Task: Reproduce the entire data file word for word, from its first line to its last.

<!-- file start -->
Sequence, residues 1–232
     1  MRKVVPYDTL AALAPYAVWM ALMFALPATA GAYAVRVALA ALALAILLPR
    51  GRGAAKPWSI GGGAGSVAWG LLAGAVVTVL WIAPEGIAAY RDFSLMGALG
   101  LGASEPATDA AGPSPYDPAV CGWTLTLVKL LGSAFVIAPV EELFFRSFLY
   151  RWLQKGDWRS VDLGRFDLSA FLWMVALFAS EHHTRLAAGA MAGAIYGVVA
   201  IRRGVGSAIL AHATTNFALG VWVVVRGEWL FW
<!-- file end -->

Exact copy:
Sequence, residues 1–232
     1  MRKVVPYDTL AALAPYAVWM ALMFALPATA GAYAVRVALA ALALAILLPR
    51  GRGAAKPWSI GGGAGSVAWG LLAGAVVTVL WIAPEGIAAY RDFSLMGALG
   101  LGASEPATDA AGPSPYDPAV CGWTLTLVKL LGSAFVIAPV EELFFRSFLY
   151  RWLQKGDWRS VDLGRFDLSA FLWMVALFAS EHHTRLAAGA MAGAIYGVVA
   201  IRRGVGSAIL AHATTNFALG VWVVVRGEWL FW